Advocating for Free Speech at Pitzer College, Claremont University Consortium
March 14, 2013
by Azhar Majeed
At California's Pitzer College, students have taken it upon themselves to advocate for their fellow students' free speech rights and to attempt to get their institution's speech codes revised. But their efforts are not limited to Pitzer's campus; they extend to the entire Claremont University Consortium, a group of private institutions that includes Pitzer, Claremont McKenna College, Pomona College, Harvey Mudd College, and Scripps College. So reports The Student Life, a campus newspaper published by the Associated Students of Pomona College.
As is the case with all non-sectarian private colleges and universities in California, students at Pitzer and across the Claremont University Consortium enjoy the right to freedom of speech on campus. That's because of California's "Leonard Law," California Education Code § 94367, which provides that "No private postsecondary educational institution shall make or enforce any rule subjecting any student to disciplinary sanctions solely on the basis of conduct that is speech or other communication that, when engaged in outside the campus or facility of a private postsecondary institution, is protected from governmental restriction by the First Amendment to the United States Constitution or Section 2 of Article 1 of the California Constitution." Put succinctly, students at these institutions have the same free speech rights as their peers in the state's public universities.
Unfortunately, that legal obligation is not reflected in the Consortium schools' policies, as all five undergraduate colleges in the Consortium currently earn a "yellow light" rating from FIRE. Working against this state of affairs is Jon Rice, president of Pitzer's Student Senate, who has taken his concerns to the Pitzer College Council and has been advocating on behalf of his fellow students. As he says to The Student Life:
"A lot of what I talk about is being proactive about policies that could be used by administrators to censor speech. And that's what the idea is: A lot of the intentions behind speech codes are good," Rice said. "But at the end of the day, this comes down to that they're enforced by administrators, and enforced by real people."
"What I worry about is when you have a really broad policy that 10, 20 years down the line, a different administrator can come in and read that and interpret it as, ‘I can use this to shut this student up,'" Rice added.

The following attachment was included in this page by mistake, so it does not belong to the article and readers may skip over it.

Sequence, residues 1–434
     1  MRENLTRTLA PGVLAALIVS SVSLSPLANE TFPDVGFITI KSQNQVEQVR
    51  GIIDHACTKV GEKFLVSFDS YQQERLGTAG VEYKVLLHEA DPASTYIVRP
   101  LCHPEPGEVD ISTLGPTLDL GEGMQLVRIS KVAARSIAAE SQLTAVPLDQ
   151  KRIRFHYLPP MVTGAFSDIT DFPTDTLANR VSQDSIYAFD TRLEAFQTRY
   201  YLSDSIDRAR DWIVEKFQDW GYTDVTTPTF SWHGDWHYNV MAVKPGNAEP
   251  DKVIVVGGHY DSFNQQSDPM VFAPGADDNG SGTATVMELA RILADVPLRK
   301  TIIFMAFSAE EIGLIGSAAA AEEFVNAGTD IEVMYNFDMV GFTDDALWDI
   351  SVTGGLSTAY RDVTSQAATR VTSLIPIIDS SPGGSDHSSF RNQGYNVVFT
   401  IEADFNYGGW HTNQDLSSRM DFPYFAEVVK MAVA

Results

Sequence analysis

The article takes note of the Consortium schools' yellow light ratings from FIRE and what exactly that indicates about the state of free speech on their campuses. For example, Pitzer's posting policy broadly declares that "The Office of Student Affairs reserves the right to limit or stop distribution of publicity deemed offensive." As Rice points out, this puts students' expressive rights squarely in jeopardy:
"The policy doesn't characterize what offensive means. It just says ‘offensive.' What one administrator finds offensive could be very different from what a student finds offensive," Rice said.
Another major focus of Rice and his campus allies is a bias-incident policy maintained by each of the Consortium colleges. (You can read the Pitzer policy here and the Pomona one here.) These policies define bias-related incidents, in pertinent part, as:
Revising this policy would go a long way toward improving the state of free speech at the Consortium colleges, because FIRE has observed multiple episodes over the years in which administrators at the Consortium have overreacted to admittedly silly-but nonetheless clearly protected-student speech by emailing students at all five undergraduate campuses to alert them to the speech in question and to decry its content. As we have pointed out before, this cannot help but contribute to a harmful chilling effect on campus discourse. (Indeed, we have previously named the bias-incident policy our Speech Code of the Month and written to the Consortium about it, receiving only a scant reply.)
...expressions of hostility against another person (or group) because of that person's (or group's) race, color, religion, ancestry, age, national origin, disability, gender or sexual orientation, or because the perpetrator perceives that the other person (or group) has one or more of those characteristics.
But it's not too late to reform this policy to protect student expression. If administrators at the Consortium colleges want guidance on how to do so, they need look no further than Samantha's helpful blog post on this very topic last fall!
In the meantime, our thanks to Jon Rice and his fellow student advocates at the Consortium, and to The Student Life as well for its coverage.